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African scientists move to combat outbreaks of infectious diseases

African scientists move to combat outbreaks of infectious diseases
African scientists move to combat outbreaks of infectious diseases

By Chioma Obinna – Lagos

African scientists have urged governments on the continent to prioritise research to prepare for outbreaks of infectious diseases and promote public health to reduce the current frightening infectious diseases like Ebola and monkeypox ravaging communities.

The scientists, who spoke at the 6th International Scientific Conference of the Nigerian Institute of Medical Research, NIMR tagged: One Health and Global Health Security: Need to be Proactive Through Health Research, said to improve global health security; African governments must adopt a multidisciplinary approach to combating these emerging infectious disease outbreaks.

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Declaring the conference open, Director General, NIMR, Prof. Babatunde Salako said: “As drug-resistant microbes can be transmitted between animals and humans through direct contact between them or contaminated food, there is a need to break professional disciplinary and institutional boundaries, as well as work in a more integrated fashion to effectively detect, respond to and prevent outbreaks of zoonosis and good safety problems.

“To be able to improve global health security, there is a need to look at how this relationship exists, how can we prevent the transmission of animal diseases to humans and where it has been transmitted, how do we treat and limit damages to humans through infections and this will require a multidisciplinary team, which will include veterinarian, clinician, basic scientist, environmentalist and the social sciences. All of them will have to come together to come up with a better way or approach to prevention.”

Speaking, the Conference Committee Chair, Dr. Agatha David, who noted that the World Health Organisation’s report showed that the burden of zoonotic diseases was high in West Africa said emerging and re-emerging diseases at the human-animal-ecosystem interface are occurring with increased frequency in Africa as evidenced by the sad and frightening’ recent outbreaks of Ebola virus disease, Lass fever and Monkeypox.

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On his part, a Reader in Paediatric, Infectious Diseases, Imperial College, London, Dr. Aubrey Cunnington urged African governments to put infrastructure and funding in place to prepare for diseases when they emerge.

“The key thing that will help to achieve this one health is having infrastructure and funding in place, that makes you prepare for when these diseases emerge, you need to be constantly on the lookout, you need to be doing research, which is surveying the environment, human health and animal health and looking for signals that these diseases are emerging.”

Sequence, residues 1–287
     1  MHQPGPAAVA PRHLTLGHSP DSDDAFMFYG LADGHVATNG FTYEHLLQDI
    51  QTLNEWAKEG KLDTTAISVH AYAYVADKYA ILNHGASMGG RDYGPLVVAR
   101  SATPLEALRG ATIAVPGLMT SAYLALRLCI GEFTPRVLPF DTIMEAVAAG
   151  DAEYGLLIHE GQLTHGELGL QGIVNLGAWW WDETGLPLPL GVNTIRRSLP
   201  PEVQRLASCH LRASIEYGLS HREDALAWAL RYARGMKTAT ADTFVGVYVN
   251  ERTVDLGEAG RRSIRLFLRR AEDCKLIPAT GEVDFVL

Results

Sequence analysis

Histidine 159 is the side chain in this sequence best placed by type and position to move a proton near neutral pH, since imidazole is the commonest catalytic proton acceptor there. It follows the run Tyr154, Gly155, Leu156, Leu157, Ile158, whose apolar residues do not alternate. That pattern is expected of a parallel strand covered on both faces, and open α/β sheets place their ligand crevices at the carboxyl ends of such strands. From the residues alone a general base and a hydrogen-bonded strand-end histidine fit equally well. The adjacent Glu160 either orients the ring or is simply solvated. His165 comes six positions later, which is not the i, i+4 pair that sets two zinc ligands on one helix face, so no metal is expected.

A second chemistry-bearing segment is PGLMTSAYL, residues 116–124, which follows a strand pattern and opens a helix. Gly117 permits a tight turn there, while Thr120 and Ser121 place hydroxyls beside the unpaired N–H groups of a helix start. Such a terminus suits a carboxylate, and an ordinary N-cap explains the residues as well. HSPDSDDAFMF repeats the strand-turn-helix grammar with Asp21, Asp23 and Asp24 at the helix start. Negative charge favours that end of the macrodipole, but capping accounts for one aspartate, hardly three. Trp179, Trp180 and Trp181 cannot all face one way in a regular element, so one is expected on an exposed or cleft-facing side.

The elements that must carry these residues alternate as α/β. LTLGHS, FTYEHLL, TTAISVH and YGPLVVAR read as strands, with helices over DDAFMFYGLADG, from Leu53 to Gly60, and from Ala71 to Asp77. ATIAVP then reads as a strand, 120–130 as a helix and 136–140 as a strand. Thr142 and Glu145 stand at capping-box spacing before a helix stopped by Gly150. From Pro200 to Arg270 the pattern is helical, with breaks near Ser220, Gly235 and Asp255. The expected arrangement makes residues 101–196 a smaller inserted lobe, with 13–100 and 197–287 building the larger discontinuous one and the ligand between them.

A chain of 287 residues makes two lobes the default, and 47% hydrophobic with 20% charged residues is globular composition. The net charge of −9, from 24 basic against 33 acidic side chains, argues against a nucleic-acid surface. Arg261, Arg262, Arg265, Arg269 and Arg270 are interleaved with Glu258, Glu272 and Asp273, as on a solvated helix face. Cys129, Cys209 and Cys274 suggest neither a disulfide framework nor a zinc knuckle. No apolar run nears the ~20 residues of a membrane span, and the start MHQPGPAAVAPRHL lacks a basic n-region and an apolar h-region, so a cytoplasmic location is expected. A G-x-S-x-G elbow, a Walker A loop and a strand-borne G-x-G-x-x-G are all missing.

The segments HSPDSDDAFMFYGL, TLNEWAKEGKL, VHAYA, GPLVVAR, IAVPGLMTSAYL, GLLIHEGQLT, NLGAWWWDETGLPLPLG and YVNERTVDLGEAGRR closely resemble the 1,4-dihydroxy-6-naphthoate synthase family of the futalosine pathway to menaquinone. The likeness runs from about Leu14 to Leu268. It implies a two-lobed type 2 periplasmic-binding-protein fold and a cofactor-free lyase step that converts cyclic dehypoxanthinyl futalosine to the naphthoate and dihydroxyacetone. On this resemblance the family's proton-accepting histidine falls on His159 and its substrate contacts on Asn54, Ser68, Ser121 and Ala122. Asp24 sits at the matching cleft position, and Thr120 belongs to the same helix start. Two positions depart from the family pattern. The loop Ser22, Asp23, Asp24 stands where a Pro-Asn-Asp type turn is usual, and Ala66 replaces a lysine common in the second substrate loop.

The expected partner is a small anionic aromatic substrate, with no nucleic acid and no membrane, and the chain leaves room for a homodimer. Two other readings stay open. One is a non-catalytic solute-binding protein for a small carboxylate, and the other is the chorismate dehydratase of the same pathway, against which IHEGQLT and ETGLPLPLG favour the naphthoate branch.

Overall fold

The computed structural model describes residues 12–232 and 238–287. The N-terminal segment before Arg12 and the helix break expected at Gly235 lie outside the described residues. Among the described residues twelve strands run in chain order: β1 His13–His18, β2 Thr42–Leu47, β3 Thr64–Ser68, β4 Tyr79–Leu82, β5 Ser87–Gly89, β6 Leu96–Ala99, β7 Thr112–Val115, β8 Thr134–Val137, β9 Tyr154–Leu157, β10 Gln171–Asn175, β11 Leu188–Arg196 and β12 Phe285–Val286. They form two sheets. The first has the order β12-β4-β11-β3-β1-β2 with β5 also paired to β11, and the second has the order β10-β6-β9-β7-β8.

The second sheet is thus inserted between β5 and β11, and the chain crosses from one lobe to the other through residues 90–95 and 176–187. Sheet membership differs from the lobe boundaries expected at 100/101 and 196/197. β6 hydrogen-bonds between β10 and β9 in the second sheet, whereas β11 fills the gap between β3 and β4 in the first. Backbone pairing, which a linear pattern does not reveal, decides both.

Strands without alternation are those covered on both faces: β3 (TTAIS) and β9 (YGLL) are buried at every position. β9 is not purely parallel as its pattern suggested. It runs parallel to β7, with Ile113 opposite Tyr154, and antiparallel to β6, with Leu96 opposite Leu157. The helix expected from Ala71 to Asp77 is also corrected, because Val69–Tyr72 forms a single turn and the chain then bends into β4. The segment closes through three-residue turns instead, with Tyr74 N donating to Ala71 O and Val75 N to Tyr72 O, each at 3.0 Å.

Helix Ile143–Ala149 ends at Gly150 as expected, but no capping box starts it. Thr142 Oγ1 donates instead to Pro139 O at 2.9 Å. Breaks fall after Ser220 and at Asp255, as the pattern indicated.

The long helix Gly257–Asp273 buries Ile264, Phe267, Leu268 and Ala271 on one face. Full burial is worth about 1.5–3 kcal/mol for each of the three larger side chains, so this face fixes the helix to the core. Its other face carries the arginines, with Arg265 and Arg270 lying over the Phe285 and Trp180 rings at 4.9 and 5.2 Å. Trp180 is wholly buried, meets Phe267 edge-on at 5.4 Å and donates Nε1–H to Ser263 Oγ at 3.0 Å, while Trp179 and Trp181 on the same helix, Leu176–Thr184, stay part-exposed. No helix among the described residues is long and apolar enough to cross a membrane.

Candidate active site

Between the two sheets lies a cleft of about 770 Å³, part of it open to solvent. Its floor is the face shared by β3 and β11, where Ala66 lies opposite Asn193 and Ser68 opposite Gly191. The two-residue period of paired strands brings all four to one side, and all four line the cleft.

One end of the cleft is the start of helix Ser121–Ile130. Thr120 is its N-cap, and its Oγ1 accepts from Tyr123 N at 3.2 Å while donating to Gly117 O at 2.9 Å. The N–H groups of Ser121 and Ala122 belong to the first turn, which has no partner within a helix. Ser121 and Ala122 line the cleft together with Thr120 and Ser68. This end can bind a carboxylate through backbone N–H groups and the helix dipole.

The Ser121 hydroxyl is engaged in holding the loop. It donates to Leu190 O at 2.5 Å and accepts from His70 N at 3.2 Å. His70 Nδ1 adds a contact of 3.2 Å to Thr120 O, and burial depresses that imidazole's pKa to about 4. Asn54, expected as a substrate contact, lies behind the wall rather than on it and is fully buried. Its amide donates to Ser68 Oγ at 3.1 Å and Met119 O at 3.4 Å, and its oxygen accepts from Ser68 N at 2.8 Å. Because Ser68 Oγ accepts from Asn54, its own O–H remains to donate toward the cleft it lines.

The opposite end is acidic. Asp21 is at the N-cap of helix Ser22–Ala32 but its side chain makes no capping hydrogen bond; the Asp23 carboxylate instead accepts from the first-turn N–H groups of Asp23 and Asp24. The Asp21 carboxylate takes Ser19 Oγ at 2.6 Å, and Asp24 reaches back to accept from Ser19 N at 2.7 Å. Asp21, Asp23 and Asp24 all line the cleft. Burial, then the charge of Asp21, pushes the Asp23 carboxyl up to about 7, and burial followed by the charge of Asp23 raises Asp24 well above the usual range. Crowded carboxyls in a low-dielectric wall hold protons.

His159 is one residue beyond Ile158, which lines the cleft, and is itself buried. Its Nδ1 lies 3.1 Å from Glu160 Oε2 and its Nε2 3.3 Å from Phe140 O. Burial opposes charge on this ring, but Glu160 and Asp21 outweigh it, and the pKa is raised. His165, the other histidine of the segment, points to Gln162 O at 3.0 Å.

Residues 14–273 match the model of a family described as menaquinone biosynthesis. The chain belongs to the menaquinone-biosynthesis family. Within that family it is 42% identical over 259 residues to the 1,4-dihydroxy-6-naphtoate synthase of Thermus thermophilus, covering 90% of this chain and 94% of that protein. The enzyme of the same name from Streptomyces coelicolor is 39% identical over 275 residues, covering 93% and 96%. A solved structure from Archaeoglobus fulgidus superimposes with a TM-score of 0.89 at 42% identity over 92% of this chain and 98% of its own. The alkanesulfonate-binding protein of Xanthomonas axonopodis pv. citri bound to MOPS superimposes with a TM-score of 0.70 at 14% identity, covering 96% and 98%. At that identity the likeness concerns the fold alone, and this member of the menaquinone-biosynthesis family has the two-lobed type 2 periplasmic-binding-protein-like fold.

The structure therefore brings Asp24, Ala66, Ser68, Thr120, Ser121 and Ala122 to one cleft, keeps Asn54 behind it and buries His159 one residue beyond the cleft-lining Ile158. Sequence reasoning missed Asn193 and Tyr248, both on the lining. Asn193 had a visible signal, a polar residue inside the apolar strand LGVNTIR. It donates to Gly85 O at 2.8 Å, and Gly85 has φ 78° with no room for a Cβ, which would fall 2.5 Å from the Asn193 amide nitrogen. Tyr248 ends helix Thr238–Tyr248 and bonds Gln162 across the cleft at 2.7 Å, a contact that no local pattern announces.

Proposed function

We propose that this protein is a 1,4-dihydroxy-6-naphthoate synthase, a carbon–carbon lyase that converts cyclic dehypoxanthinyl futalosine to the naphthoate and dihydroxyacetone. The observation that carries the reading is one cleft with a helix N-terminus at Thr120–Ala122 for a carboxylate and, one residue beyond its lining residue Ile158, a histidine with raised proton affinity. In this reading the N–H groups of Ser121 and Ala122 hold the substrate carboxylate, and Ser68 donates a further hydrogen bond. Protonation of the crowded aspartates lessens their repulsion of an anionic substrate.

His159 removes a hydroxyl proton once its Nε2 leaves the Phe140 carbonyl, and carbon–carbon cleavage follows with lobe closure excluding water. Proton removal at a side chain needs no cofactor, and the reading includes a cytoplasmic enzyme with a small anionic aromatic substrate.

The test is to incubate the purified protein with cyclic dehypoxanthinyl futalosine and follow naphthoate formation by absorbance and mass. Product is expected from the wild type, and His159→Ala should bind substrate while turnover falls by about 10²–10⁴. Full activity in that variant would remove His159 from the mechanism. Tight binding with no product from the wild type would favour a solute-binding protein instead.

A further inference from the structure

By Chioma Obinna – Lagos

African scientists have urged governments on the continent to prioritise research to prepare for outbreaks of infectious diseases and promote public health to reduce the current frightening infectious diseases like Ebola and monkeypox ravaging communities.

The scientists, who spoke at the 6th International Scientific Conference of the Nigerian Institute of Medical Research, NIMR tagged: One Health and Global Health Security: Need to be Proactive Through Health Research, said to improve global health security; African governments must adopt a multidisciplinary approach to combating these emerging infectious disease outbreaks.

Declaring the conference open, Director General, NIMR, Prof. Babatunde Salako said: “As drug-resistant microbes can be transmitted between animals and humans through direct contact between them or contaminated food, there is a need to break professional disciplinary and institutional boundaries, as well as work in a more integrated fashion to effectively detect, respond to and prevent outbreaks of zoonosis and good safety problems.

“To be able to improve global health security, there is a need to look at how this relationship exists, how can we prevent the transmission of animal diseases to humans and where it has been transmitted, how do we treat and limit damages to humans through infections and this will require a multidisciplinary team, which will include veterinarian, clinician, basic scientist, environmentalist and the social sciences. All of them will have to come together to come up with a better way or approach to prevention.”

Speaking, the Conference Committee Chair, Dr. Agatha David, who noted that the World Health Organisation’s report showed that the burden of zoonotic diseases was high in West Africa said emerging and re-emerging diseases at the human-animal-ecosystem interface are occurring with increased frequency in Africa as evidenced by the sad and frightening’ recent outbreaks of Ebola virus disease, Lass fever and Monkeypox.

On his part, a Reader in Paediatric, Infectious Diseases, Imperial College, London, Dr. Aubrey Cunnington urged African governments to put infrastructure and funding in place to prepare for diseases when they emerge.

“The key thing that will help to achieve this one health is having infrastructure and funding in place, that makes you prepare for when these diseases emerge, you need to be constantly on the lookout, you need to be doing research, which is surveying the environment, human health and animal health and looking for signals that these diseases are emerging.”

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